Coffee Hour ~ 16 May, 1-2pm IST

This post by Tricia Hersey of the Nap Ministry is with me this week. Alongside photographs of Hebron, she writes: “I visited Palestine to study Palestinian Liberation Theology for 2 weeks while in seminary in 2014. I was tear gassed at a camp. Pulled over constantly because I was traveling with Palestinians. It is apartheid there. Terror. I stand with Palestine always. Everywhere I went to study while in Palestine citizens came up to me and said, ‘We are following the example of Black Americans struggle for civil rights.’ They showed me books by DuBois and MLK, Jr. they were reading for inspiration. I will never forget the trip.”

I want to say I don’t have an adequate theology to think and talk in an informed way about the Middle East, but Hersey’s post pointed me to Palestinian Liberation theology, and I know at least a little bit about other branches of liberation theology (notably, one of the earliest expressions of Liberation theology in the late 1960’s, after the Second Vatican Council, took place in Medellín, Colombia, which is also seeing an eruption of violence this week).

Liberation theology interprets Christian faith from the position of the oppressed, and it critiques societies, systems and institutions (very much including churches and religious tradition) that allow/ perpetuate/ enshrine/ normalize oppression. This goes directly against, for example, interpretations of Christian scripture used to justify slavery and the submission of women to men (these anti-materialist interpretations argue that material conditions are of no importance, that only the state of one’s soul matters). There’s a lot more to say about this, and I am now of the mind that if a theology isn’t rooted in “(____)’s preferential option for the poor” (the phrase used in theology to describe a pattern in scripture where justice, love, mercy and other favorable attributes are measured by actions taken in aid of the poor and the oppressed), then I am not sure what it is doing that has anything to do with (____).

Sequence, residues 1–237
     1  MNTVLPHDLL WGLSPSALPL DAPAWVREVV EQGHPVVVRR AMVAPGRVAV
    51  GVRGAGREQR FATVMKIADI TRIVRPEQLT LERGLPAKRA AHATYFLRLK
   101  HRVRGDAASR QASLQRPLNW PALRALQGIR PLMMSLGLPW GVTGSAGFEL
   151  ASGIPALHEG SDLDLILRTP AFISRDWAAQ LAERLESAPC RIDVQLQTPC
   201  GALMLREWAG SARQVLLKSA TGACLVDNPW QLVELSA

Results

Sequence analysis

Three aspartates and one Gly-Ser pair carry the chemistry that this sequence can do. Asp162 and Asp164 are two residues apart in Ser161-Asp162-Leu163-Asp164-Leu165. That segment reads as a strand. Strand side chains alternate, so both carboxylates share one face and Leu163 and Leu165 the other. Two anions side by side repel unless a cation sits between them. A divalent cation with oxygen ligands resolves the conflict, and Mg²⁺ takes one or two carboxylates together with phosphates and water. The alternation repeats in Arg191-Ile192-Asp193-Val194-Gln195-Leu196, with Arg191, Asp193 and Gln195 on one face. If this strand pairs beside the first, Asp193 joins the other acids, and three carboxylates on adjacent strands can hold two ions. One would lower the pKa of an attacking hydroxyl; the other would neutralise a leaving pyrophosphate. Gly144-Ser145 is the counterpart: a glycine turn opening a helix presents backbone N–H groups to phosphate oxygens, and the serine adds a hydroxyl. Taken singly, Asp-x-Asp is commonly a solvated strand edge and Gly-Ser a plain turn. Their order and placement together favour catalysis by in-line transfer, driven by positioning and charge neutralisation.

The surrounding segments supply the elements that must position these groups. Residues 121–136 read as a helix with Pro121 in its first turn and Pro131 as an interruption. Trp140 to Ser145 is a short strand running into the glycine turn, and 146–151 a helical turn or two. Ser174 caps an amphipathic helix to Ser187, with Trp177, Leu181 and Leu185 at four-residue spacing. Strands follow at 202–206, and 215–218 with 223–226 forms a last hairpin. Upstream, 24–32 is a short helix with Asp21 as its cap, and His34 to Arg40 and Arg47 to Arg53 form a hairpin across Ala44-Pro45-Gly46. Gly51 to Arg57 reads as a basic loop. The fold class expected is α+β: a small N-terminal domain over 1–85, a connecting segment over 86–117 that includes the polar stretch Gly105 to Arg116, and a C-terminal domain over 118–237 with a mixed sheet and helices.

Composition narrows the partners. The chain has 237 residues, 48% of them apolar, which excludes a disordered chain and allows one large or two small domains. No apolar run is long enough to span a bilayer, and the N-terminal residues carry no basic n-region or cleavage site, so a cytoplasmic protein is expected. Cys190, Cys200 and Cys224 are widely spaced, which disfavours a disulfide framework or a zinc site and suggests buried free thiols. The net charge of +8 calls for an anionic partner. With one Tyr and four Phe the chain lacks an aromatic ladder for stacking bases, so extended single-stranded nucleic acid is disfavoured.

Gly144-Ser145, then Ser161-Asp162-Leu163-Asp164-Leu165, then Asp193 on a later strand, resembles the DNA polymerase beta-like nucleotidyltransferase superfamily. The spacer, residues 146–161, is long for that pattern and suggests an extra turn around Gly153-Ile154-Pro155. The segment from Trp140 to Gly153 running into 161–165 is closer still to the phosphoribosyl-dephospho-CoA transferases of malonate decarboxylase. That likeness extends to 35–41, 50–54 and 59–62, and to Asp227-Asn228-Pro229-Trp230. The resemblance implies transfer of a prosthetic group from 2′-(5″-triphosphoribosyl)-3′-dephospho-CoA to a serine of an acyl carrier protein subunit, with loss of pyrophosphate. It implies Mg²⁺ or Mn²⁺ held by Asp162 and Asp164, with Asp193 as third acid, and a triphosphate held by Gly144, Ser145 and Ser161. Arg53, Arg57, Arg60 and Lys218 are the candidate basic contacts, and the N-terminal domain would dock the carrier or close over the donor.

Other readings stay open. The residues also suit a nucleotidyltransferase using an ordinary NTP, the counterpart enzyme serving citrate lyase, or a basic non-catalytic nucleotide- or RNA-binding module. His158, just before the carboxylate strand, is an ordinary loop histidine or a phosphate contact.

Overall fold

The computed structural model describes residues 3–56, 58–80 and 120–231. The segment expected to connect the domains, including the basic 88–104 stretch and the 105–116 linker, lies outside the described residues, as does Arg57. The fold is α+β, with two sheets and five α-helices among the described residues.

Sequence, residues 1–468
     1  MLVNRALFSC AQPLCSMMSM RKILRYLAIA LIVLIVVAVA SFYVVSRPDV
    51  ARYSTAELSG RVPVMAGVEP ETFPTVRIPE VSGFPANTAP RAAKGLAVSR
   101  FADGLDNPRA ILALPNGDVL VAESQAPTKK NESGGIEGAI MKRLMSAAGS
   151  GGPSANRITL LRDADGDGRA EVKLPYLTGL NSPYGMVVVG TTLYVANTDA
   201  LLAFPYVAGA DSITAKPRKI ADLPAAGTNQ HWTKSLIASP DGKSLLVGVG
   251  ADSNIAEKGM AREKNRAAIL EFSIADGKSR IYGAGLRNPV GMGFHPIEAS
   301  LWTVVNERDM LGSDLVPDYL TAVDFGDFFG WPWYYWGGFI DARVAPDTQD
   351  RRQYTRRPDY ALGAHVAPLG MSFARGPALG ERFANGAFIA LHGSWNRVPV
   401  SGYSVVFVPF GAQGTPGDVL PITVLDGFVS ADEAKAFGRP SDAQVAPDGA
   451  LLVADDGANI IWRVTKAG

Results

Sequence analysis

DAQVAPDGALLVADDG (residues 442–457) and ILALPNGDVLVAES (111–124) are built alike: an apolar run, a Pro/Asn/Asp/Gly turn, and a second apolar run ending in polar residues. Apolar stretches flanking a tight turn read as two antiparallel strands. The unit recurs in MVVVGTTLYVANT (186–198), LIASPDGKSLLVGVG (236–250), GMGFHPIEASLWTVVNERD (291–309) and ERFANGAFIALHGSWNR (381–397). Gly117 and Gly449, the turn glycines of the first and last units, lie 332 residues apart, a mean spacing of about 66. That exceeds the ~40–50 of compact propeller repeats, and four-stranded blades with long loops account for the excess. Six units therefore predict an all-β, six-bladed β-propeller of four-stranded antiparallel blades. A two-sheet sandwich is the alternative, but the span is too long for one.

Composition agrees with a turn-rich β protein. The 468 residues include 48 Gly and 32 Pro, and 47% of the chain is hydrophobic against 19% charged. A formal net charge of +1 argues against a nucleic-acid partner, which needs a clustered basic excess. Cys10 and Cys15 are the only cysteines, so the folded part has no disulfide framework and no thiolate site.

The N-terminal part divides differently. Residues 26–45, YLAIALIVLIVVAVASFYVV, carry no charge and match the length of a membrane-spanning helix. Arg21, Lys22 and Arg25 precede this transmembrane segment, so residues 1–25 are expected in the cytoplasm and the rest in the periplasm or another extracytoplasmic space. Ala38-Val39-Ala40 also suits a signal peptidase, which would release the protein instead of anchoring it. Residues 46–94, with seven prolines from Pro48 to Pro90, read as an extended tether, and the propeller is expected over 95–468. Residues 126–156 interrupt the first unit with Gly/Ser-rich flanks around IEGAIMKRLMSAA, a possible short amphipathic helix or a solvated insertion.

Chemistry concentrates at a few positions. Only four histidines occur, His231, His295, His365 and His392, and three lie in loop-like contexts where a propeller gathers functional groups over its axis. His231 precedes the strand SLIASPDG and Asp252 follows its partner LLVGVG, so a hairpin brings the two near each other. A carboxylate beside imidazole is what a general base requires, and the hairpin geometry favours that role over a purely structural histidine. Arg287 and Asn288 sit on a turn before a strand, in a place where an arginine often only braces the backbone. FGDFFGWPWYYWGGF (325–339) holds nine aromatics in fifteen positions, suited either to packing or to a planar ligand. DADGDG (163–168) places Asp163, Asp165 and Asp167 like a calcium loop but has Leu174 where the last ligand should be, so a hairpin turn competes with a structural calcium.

Prose fails me this week. So let’s read some poems. Any one or all of these. What is in sharp relief for you? What burns you? What words would you like to hear out loud?

Poetry is not difficult. Building peace is difficult. Poetry is only difficult if we insist on understanding it using the logics of ordinary speaking and thinking. But then this is also true about building peace. So maybe poetry can train the parts of our psyches we need to build peace, beginning with peace within ourselves, our closest relationships, our families, our communities — and out in “widening circles,” as Rilke writes.


By Naomi Shihab Nye

        “Let’s be the same wound if we must bleed.
         Let’s fight side by side, even if the enemy
         is ourselves: I am yours, you are mine.”
                        —Tommy Olofsson, Sweden

I’m not interested in
who suffered the most.
I’m interested in
people getting over it.

Once when my father was a boy
a stone hit him on the head.
Hair would never grow there.
Our fingers found the tender spot
and its riddle: the boy who has fallen
stands up. A bucket of pears